In the middle of the night on Friday, a beloved family member passed away. He was 44 and had so much spirit and amazing sense of humor. I’m 30, and this is the first time in my life that I’ve lost someone close to me. I’ve been trying to navigate everything I’m thinking and feeling, and it’s been pretty awful.
Consequently, I ate and drank my way through the weekend with no regard to any of the progress that I’ve made over the past couple few weeks. Not only did it not help me feel any better, it made me feel worse, and I can see and feel the set-back it created for me.
In moments like that, when you’re desperate to feel better and make the pain stop, common sense seems to take a back seat. And this morning, a couple of days later – a lousy, terrible weekend later – the only thing I have to say for myself is that I’ve maintained my workout momentum. Eight days straight, sticking to my program. And while I ate and drank my way through my pain, I still managed to do my food prep for the week and I’m in a good place to get back on track.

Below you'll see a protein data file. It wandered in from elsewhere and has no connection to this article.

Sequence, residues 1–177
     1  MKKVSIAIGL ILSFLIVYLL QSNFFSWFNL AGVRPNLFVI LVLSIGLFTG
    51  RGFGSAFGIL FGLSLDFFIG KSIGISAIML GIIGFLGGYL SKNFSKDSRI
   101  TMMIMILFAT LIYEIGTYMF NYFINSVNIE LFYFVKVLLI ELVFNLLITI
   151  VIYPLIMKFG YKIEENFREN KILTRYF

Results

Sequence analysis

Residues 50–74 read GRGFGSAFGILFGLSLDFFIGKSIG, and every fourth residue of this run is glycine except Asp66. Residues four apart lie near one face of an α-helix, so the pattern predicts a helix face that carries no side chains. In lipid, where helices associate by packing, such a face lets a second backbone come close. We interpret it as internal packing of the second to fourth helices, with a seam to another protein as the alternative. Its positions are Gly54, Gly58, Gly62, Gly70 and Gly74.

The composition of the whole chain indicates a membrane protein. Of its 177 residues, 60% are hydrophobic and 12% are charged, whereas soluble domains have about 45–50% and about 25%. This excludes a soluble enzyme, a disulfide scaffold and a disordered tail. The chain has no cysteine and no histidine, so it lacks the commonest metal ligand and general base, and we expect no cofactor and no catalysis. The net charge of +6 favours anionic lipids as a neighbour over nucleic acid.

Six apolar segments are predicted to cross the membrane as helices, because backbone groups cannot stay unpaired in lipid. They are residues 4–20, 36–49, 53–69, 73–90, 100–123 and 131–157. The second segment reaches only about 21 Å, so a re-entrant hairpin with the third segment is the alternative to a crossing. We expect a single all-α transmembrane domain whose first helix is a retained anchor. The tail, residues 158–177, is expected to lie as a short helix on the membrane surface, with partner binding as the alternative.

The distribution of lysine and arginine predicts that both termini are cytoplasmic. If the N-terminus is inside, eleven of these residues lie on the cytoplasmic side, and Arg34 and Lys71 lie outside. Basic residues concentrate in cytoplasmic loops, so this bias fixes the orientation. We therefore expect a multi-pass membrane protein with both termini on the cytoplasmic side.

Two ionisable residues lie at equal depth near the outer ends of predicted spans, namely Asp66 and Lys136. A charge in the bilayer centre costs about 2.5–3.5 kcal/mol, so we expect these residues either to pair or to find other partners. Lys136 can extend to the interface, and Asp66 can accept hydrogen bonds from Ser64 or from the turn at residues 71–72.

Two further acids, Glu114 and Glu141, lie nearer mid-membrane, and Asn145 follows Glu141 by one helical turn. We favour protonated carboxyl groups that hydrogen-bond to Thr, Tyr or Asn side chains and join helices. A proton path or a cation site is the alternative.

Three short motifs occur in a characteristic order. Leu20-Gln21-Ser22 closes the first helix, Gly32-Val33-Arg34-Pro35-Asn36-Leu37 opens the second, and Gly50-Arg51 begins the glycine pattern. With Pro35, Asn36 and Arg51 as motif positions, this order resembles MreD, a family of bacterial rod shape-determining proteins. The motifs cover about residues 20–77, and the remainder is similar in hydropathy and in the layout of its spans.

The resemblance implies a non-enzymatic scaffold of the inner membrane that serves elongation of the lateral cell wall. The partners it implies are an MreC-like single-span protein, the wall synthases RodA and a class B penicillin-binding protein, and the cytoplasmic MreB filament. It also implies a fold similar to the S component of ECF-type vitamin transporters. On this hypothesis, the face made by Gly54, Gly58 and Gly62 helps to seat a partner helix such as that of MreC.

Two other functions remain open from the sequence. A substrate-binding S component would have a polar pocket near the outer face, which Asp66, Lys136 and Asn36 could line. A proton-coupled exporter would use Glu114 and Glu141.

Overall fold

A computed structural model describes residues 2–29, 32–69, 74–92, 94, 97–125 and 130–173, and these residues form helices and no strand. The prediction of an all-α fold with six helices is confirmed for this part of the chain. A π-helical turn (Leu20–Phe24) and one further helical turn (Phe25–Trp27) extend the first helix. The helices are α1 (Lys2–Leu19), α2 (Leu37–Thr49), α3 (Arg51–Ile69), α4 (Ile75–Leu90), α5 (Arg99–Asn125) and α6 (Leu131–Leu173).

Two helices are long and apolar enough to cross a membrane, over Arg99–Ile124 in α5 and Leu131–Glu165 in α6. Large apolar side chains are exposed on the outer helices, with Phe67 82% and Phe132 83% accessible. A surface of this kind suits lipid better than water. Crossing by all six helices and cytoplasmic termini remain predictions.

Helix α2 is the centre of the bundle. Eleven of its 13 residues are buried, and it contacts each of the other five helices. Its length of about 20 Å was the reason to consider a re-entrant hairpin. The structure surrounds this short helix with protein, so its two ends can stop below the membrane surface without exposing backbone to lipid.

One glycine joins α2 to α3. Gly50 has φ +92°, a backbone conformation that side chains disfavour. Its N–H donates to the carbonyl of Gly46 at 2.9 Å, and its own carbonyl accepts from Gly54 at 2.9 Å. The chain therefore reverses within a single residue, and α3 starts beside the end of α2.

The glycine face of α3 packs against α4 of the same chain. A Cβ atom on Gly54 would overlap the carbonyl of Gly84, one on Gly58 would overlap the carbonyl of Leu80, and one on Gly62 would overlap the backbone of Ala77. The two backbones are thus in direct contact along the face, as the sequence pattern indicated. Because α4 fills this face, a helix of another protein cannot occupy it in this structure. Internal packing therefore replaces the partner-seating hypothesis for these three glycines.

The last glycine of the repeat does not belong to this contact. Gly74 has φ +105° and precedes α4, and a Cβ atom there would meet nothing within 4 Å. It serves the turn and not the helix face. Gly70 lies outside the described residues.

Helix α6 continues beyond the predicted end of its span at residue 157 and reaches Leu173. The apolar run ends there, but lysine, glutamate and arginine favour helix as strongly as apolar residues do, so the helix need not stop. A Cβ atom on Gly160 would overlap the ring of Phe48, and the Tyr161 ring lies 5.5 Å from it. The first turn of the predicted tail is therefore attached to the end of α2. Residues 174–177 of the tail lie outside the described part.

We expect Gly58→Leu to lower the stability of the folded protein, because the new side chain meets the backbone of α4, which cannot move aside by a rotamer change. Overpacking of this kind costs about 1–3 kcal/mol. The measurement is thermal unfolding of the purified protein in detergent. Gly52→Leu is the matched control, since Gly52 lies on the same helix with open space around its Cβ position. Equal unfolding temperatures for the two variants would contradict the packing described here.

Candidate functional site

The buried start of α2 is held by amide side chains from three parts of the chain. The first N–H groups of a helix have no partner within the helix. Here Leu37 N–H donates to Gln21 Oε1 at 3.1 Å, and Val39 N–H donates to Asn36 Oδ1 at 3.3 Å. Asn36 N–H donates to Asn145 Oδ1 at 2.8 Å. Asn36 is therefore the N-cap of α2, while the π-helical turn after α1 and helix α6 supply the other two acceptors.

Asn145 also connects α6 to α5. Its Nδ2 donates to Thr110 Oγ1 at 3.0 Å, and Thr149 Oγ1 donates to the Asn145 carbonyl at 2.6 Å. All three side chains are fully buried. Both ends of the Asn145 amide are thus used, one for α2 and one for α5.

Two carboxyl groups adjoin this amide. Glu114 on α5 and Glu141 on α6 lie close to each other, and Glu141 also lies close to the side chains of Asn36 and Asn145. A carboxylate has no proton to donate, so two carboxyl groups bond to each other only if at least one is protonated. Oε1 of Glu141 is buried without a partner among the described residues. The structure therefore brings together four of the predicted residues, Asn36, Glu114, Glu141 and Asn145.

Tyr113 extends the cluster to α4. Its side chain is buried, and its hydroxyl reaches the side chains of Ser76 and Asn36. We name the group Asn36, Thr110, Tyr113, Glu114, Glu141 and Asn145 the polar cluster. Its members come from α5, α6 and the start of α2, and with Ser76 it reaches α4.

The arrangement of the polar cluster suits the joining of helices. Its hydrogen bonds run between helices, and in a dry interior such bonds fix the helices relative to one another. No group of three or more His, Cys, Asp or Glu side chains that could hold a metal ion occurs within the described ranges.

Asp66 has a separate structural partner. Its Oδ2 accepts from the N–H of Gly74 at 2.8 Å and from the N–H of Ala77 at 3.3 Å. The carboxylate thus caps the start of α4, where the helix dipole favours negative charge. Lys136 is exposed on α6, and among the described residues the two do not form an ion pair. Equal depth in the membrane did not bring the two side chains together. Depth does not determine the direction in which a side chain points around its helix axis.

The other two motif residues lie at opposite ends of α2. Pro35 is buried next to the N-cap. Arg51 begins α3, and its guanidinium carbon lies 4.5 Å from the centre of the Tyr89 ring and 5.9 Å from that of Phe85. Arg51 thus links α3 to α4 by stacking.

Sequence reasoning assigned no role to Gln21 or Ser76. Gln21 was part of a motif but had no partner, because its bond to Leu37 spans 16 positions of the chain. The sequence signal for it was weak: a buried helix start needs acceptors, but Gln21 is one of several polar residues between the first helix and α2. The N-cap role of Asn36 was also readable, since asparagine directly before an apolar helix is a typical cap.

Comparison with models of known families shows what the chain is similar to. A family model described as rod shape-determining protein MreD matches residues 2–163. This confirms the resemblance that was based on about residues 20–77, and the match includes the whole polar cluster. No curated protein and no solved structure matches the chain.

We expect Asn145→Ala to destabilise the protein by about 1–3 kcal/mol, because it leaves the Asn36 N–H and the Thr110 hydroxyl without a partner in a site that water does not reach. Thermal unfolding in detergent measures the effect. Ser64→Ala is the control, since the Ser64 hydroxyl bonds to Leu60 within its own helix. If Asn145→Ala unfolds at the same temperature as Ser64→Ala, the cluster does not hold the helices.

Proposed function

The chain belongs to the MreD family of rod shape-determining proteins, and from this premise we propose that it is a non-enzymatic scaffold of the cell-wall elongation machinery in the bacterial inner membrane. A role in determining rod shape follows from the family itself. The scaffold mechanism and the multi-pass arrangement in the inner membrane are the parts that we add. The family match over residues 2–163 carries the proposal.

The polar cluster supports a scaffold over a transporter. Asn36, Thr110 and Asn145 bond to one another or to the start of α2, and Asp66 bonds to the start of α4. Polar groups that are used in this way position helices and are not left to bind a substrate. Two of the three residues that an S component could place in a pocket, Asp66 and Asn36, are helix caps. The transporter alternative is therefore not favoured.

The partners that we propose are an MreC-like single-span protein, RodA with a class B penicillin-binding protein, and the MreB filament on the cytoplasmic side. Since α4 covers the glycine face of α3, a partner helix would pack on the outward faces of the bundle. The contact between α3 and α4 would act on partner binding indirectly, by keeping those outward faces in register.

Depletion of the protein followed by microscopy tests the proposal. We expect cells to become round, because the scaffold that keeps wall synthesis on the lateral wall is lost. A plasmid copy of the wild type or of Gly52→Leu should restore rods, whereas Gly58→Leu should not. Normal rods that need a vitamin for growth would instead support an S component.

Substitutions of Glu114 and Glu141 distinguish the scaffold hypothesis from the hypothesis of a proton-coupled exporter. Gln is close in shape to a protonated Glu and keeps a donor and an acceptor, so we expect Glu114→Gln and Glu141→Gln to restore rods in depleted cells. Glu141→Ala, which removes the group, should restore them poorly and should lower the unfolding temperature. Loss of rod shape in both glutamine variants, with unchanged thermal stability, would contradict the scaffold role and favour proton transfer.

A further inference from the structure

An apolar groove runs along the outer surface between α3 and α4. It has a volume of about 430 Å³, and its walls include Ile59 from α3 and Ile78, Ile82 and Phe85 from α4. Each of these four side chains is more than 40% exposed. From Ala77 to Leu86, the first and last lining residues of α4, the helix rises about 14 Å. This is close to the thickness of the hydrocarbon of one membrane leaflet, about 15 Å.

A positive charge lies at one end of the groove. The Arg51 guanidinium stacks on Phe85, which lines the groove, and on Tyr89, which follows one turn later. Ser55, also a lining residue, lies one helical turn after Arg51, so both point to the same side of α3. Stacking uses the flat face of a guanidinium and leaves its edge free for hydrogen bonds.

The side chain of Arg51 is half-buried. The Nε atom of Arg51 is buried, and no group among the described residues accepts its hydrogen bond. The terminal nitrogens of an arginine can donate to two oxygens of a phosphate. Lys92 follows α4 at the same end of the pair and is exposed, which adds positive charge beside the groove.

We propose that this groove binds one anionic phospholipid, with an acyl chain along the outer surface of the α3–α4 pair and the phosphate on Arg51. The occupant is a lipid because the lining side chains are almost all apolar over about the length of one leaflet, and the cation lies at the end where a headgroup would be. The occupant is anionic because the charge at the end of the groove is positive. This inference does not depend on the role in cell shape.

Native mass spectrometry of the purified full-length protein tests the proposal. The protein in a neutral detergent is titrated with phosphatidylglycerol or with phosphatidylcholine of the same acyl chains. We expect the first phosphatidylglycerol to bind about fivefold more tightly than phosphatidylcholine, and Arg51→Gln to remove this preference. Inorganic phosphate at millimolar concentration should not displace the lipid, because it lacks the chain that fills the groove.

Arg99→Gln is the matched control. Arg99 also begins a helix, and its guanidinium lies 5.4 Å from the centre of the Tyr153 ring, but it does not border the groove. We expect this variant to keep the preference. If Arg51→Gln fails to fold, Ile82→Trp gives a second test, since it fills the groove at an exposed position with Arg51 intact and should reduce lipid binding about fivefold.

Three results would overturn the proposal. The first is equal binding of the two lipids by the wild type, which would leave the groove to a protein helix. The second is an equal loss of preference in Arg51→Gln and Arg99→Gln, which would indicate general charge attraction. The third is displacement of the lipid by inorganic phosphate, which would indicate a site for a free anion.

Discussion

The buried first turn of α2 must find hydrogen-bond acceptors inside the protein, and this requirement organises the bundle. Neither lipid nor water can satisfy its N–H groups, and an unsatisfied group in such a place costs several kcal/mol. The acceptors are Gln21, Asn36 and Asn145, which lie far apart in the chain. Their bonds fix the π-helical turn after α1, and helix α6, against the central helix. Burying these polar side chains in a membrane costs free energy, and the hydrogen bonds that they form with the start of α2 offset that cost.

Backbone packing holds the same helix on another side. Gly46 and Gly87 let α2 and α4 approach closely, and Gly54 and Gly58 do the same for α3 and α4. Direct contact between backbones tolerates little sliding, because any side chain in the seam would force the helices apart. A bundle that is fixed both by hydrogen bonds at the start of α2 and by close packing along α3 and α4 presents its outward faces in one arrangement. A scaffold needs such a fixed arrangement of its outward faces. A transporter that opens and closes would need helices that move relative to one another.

At the end of the day, I can’t bring my cousin back, and I try to take comfort in knowing that he’s out of pain now.
My mom has told me my whole life that if a baby being born could think, it would think it was dying. It’s little world as it knows it is changing in a drastic, traumatic way. It’s interesting to then take that thought and associate it to what it’s like when we die. Like maybe we’re being born into the next stage of our journey. But while that thought brings me a sliver of comfort, I hate that he’s gone and that he was taken too soon. So while it feels selfish to try to instead focus on myself in this moment, it might be the only thing I can do to keep my shit together.